"Vanity Fair has a feature on Heath Ledger's last days working on "The Imaginarium of Doctor Parnassus." To read the whole article you'll have to buy the August issue of the magazine, as a short summary is available online.Vanity Fair contributing editor Peter Biskind writes about the remarkable talent and untimely death of actor Heath Ledger, reporting on the actor's final movie role, his ambivalence about Hollywood, his devotion to his young daughter, and what happened at the end of his life as he was battling chronic insomnia, pneumonia, and exhaustion.Terry Gilliam--Ledger's friend and mentor, and the director of Doctor Parnassus--and Pecorini agree that the romance between Ledger and his former partner, actress Michelle Williams, began to unravel during the Oscar campaign for Brokeback Mountain. "The whole machinery started growing up around them," Gilliam says. "That was the moment when it changed, when he realized, Uh-oh. We perceive the world differently. He didn't care about things like those awards."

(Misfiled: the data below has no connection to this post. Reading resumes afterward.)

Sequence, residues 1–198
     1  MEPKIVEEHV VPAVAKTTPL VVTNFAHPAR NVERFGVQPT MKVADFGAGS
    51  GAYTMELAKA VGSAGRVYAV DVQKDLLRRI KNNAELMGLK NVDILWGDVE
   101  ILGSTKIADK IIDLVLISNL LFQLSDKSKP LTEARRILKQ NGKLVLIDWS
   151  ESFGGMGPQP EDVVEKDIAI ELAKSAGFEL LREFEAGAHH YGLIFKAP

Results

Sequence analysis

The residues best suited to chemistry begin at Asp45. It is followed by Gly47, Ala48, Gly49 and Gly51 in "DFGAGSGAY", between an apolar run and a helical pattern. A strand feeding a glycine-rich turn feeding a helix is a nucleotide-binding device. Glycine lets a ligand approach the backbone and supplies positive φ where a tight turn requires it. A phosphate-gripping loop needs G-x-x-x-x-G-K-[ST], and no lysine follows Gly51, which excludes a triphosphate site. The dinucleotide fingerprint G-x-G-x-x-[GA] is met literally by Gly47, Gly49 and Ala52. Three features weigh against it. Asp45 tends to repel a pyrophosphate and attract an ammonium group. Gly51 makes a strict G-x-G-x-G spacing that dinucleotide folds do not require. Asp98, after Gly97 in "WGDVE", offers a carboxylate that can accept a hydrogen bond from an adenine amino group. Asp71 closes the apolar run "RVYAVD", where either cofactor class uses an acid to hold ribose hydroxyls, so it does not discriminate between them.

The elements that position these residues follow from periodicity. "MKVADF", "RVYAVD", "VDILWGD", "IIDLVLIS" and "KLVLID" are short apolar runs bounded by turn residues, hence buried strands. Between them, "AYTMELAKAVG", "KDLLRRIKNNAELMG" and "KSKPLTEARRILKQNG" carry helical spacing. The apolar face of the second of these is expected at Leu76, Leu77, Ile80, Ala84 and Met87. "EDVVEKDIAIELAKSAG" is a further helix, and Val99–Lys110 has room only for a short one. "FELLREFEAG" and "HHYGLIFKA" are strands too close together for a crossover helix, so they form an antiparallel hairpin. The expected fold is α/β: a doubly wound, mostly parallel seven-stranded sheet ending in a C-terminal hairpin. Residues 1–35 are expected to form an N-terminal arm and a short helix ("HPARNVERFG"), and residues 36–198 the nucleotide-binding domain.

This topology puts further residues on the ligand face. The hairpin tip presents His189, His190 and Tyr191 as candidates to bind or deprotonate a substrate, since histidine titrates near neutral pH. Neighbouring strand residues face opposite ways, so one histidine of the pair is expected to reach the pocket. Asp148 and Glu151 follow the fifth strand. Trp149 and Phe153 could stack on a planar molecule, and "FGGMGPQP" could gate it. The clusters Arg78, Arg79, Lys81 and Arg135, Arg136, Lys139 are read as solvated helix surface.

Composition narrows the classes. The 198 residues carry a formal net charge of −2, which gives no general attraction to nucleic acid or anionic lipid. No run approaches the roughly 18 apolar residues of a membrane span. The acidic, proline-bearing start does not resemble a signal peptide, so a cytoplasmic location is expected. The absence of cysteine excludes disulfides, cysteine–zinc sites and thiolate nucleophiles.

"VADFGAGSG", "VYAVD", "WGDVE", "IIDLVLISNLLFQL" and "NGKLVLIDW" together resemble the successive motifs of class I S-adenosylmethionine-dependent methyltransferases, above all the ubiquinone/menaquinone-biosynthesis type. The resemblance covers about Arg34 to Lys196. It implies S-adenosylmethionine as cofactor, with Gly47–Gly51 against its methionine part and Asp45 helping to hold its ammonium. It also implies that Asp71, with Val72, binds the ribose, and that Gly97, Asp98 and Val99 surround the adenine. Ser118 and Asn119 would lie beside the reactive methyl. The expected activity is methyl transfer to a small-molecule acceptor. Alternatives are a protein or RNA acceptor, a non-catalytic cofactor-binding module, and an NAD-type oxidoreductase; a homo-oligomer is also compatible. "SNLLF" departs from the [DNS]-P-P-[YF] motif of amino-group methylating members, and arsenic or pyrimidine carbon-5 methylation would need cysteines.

Although "he would arrive in the morning completely knackered," Gilliam says, "by the end of the day he was beaming, glowing with energy. It was like everything was put into the work, because that was the joy; that's what he loved to do. The words were just pouring out. It was like he was channeling."Alexander tells Biskind that Ledger had a pay-or-play deal on The Dark Knight--meaning he'd get compensated no matter what--so he felt he had the freedom to do whatever he wanted as the Joker. According to Pecorini, Ledger hoped his performance would be so far-out he'd be fired, and thus become the beneficiary of a lengthy, paid vacation."He was ready to bust out of the gate, but he didn't want to step on the gas and become something that he didn't want to become: a matinee idol", says Alexander. "He was a private person, and he didn't want to share his personal history with the press. It just wasn't up for sale. That's part of the reason he initially tore down his career. He wasn't motivated by money or stardom, but by the respect of his peers, and for people to walk out of a movie theater after they'd seen something that he'd worked on and say, 'Wow, he really disappeared into that character.' He was striving to become an 'illusionist,' as he called it, able to create characters that weren't there."The August issue of Vanity Fair hits newsstands in New York and Los Angeles July 1 and nationally July 7". Source: www.huffingtonpost.com